Mr. Swain’s team disabled the pressure release valve in the rear of an S.U.V. outfitted with a hydrogen tank and applied a spark by remote control. Later, the experimenters punctured the fuel line under the middle of a conventional car and set it on fire.
Within two minutes, fire consumed the gasoline-powered vehicle; the vehicle with the hydrogen tank suffered little damage as a stream of flames shot up and away from the car and petered out.
Catherine Dunwoody, executive director of the California Fuel Cell Partnership, an alliance of private companies and government agencies that promotes hydrogen as a transportation fuel, says tanks in fuel-cell vehicles are wrapped in carbon and undergo vigorous testing.
“Almost routinely on the nightly news you see tanker trucks on fire or fires at gas stations, but yet we still think nothing of driving around in a car that has gasoline in a plastic tank,” said Ms. Dunwoody.
Gilbert Castillo, senior group manager, alternative vehicle strategy at Hyundai Motor America, admits that his company emphasizes the safety of its hydrogen vehicles to reassure apprehensive consumers. “The vehicle has a number of sensors in place by the tank, by the stack and in the cabin designed to detect if there’s any leak,” Mr. Castillo said.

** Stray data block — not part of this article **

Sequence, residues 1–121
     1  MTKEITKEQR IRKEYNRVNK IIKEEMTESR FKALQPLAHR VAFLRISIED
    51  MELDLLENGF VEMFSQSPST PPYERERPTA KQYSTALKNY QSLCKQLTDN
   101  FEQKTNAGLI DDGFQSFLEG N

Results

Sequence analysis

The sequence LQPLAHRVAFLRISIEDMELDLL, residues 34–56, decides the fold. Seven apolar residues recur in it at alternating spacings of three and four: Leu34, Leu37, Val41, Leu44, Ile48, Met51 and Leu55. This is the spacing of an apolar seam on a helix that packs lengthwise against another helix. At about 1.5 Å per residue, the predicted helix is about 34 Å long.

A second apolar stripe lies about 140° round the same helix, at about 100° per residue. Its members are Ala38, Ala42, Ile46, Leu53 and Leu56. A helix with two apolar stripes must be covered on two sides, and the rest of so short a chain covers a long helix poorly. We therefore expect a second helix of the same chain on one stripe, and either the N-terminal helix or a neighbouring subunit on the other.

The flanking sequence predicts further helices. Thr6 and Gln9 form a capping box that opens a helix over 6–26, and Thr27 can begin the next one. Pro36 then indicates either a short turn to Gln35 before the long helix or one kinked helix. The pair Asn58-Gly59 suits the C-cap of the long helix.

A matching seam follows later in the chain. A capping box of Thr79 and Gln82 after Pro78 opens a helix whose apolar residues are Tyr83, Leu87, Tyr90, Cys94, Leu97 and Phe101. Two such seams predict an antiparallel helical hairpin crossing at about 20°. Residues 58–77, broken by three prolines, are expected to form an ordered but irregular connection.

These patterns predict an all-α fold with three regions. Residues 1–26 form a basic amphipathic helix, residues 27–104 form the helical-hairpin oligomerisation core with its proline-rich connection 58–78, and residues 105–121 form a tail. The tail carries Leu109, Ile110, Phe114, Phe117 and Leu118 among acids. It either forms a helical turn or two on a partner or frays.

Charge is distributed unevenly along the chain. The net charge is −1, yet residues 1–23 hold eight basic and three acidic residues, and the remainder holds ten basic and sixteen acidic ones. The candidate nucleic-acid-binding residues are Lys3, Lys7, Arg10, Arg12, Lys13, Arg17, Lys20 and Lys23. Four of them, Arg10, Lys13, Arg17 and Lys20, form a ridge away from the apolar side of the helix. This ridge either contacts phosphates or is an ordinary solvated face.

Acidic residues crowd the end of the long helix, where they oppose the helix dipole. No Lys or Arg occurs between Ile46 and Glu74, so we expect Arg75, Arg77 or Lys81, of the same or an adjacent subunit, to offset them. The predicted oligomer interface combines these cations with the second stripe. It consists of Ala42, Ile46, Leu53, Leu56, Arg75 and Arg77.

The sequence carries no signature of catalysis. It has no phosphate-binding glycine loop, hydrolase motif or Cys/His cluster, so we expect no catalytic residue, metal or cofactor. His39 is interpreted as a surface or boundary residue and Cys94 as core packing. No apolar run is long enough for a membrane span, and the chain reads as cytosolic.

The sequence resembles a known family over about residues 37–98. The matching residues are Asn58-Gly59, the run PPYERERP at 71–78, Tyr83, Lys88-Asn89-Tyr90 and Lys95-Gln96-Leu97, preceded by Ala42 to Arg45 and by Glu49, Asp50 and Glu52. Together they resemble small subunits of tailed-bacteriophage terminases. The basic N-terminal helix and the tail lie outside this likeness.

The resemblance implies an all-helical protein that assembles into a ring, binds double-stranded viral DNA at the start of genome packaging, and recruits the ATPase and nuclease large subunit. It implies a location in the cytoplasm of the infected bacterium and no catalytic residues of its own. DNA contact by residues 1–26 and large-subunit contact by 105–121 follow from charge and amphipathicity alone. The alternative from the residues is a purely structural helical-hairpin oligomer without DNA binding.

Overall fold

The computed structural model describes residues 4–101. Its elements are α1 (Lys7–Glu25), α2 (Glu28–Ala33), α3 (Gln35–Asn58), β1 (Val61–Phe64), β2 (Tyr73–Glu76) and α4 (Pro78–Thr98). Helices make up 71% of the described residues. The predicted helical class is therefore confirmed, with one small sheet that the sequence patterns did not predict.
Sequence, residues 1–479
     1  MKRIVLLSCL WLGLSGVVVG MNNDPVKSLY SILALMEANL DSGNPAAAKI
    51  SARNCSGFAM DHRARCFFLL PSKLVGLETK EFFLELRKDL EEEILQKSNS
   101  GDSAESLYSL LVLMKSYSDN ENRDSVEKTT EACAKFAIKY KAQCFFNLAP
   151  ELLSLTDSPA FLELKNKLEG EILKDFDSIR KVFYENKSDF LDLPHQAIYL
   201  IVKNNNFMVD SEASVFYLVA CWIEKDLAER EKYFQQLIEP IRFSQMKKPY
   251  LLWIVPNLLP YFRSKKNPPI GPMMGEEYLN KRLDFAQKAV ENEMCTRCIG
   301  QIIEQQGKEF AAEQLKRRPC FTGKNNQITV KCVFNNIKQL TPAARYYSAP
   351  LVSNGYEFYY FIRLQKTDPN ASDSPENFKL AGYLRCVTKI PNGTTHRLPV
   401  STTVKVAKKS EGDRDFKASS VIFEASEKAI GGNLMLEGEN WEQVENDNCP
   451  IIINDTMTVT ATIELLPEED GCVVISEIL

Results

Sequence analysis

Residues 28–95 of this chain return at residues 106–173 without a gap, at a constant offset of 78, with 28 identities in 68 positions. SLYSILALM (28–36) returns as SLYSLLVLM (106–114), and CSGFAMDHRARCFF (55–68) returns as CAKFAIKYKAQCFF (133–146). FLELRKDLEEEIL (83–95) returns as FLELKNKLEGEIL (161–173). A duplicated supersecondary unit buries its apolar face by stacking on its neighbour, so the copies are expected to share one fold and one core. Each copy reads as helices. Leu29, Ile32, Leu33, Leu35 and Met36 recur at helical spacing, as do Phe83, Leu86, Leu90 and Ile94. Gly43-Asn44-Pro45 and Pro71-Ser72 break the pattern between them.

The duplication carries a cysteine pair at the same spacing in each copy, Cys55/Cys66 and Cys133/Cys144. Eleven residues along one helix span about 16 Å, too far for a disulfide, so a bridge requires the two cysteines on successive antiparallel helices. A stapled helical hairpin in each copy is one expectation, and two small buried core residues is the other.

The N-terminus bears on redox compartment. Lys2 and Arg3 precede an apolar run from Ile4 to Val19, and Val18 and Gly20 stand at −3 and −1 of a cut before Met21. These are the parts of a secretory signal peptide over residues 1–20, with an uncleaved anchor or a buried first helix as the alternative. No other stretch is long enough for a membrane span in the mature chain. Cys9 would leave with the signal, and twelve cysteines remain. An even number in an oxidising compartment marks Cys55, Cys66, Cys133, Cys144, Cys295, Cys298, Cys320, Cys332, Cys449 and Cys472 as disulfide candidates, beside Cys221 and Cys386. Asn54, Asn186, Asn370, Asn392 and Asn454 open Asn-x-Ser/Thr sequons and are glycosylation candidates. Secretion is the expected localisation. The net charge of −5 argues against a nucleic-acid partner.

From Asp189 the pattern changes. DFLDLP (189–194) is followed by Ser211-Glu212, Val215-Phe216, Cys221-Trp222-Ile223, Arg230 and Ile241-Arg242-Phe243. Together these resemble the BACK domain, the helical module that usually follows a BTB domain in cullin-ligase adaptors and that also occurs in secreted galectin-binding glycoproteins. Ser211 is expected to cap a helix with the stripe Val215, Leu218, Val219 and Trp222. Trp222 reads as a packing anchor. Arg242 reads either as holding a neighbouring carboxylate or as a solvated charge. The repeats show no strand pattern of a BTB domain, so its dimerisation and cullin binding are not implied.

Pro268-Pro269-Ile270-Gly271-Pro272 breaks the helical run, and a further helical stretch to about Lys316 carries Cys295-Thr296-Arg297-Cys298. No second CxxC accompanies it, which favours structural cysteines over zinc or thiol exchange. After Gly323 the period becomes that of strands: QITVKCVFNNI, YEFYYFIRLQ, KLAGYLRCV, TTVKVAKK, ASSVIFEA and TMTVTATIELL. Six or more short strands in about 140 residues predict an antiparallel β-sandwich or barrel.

As Mr. Castillo drives his prototype hydrogen-powered vehicle around California, he hears comments about the Hindenburg “from time to time.” But he predicts that consumers will embrace hydrogen technology when they see more vehicles with familiar brand names on the road. That could happen in the near future if essential fueling stations materialize — a big if. Gov. Jerry Brown of California signed a bill on Sept. 30 that will finance many more hydrogen fueling stations in the state during the next 10 years. “Once your neighbor starts driving the vehicle or you start seeing more stations in the marketplace, I don’t expect this issue to be relevant,” said Mr. Castillo.
At least one influential driver, Edmund King, president of Britain’s Automobile Association, has turned into an unlikely fan of hydrogen as a fuel. In 2008, Mr. King warned in an interview with The Times of England that “images of the burning Hindenburg could undermine confidence in carrying hydrogen tanks” on automobiles.
He has now changed his thinking.
“I think drivers today will probably be more willing to embrace hydrogen if the filling stations are out there and the price is right,” he said in an email. (Credits – David Wallis for The New York Times and Hyundai Motor America).
The Master of Disaster